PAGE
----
Times Online - UK April 3, 2009
Press calls Father Maciel 'the Aztec Rasputin' after details emerge of abuse carried out by his Legionaries of Christ
by Richard Owen in Rome
The Italian press yesterday dubbed the late Father Marcial Maciel, the Mexican founder of the conservative "Legionaries of Christ", "the Aztec Rasputin" as allegations emerged that other members of the order imitated his sexual misbehaviour and abuse.
This week Pope Benedict XVI ordered an investigation - known as an Apostolic Visitation - into the Legion of Christ - following sexual and financial scandals linked to Father Maciel, who died last year at the age of 87.
Jose Barba, lawyer for eight former Legionaries who started court proceedings against Father Maciel in 1998, said, "We have testimonies that there have been other Legionaries who followed Maciel's example. The ramifications of the problem exist throughout the Legionaries of Christ".
Mr Barba, who says he was abused by Maciel as a teenage seminarian, told Reuters: "What they have to investigate is to what extent the evil, the gangrene, was spread through the Legionaries of Christ and didn't end just because Father Maciel died".
Allegations against Father Maciel have long existed, but were dismissed by the order and its powerful supporters. However, in February the order admitted there was evidence that Father Maciel had lived "a double life" for decades, indulging in sexual relations with both women and boys.
"The Secret Life of a Legionary of Christ: A Tale of Sex and Money" ran the headline in La Stampa, which described Father Maciel as "a sacriligious tombeur des femmes".
It said that although he imposed vows of celibacy on the order, which he founded in 1941, Father Maciel had a series of often-wealthy mistresses and fathered at least one child, a woman now aged 30 who lives in Spain. In 2006 Pope Benedict ordered Father Maciel to retire to a life of "prayer and penitence" after accusations emerged that he had molested seminarians for decades.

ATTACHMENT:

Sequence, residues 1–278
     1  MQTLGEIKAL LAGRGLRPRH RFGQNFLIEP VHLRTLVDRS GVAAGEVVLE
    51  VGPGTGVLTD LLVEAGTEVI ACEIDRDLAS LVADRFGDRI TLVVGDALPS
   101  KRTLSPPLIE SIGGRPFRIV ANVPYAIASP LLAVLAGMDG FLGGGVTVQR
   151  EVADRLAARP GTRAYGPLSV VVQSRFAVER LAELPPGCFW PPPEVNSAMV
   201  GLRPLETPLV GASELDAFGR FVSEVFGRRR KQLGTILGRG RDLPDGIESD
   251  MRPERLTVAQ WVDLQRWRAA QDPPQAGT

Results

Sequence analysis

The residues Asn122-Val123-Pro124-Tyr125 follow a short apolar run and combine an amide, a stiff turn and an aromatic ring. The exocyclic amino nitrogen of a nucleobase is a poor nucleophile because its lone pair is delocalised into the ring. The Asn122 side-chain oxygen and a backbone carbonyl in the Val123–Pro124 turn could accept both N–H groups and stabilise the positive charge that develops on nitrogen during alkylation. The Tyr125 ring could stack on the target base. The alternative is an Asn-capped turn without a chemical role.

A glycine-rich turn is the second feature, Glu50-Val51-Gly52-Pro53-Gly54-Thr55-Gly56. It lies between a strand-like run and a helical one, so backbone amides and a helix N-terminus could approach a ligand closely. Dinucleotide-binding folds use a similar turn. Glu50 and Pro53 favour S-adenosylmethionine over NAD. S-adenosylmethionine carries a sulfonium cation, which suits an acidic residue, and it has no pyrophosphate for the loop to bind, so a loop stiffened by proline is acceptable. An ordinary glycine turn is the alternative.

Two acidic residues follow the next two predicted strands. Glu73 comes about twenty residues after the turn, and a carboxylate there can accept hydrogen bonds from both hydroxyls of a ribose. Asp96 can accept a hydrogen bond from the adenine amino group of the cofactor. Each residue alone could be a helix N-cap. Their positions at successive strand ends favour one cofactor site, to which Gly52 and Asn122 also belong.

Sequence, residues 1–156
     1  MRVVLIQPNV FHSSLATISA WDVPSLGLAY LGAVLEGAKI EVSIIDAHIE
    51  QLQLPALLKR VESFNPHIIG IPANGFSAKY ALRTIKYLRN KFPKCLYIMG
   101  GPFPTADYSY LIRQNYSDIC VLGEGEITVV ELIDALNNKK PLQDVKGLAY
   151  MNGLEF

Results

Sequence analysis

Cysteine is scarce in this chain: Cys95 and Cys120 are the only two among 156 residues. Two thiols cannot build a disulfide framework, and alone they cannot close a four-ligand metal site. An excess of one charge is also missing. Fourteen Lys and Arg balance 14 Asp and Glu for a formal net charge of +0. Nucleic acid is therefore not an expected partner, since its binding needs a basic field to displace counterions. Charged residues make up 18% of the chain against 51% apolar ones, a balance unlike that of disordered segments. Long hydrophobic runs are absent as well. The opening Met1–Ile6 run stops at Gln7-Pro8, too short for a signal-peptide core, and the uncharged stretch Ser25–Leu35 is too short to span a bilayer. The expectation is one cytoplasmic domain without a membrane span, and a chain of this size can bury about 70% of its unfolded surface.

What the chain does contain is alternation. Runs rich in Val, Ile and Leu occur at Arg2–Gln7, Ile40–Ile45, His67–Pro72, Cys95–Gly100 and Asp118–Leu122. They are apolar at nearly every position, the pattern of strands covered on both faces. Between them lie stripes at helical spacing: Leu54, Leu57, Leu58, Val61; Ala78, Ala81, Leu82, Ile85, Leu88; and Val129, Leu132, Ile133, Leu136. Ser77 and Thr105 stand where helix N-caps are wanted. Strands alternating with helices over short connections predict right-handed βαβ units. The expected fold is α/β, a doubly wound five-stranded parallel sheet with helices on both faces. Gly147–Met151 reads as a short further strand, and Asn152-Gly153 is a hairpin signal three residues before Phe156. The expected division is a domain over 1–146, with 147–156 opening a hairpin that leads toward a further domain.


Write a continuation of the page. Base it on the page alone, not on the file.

The order, admired for its drive and discipline, has 650 priests and 2500 seminarians in more than 20 countries, and runs the Regina Apostolorum pontifical university in Rome. Cardinal Tarcisio Bertone, the Vatican Secretary of State, said Vatican inspectors would visit and evaluate all seminaries, schools and other institutions run by the Legion around the world.
The order and its lay affiliate, Regnum Christi, which claims 50,000 members, regard Father Maciel as a saintly man whose life should be studied and emulated. The order was admired by the late Pope John Paul II, and is backed by Catholic financiers and businessmen.
However, some Vatican officials are increasingly uncomfortable with its "cult like" practices, including its secretiveness and the limits it imposes on contact between seminarians and their families. Father Alvaro Corcuera, head of the order, said the Legionaries welcomed the Vatican inspection "with deep gratitude" and hoped it would resolve "our present vicissitudes related to the grave facts in our father founder's life."
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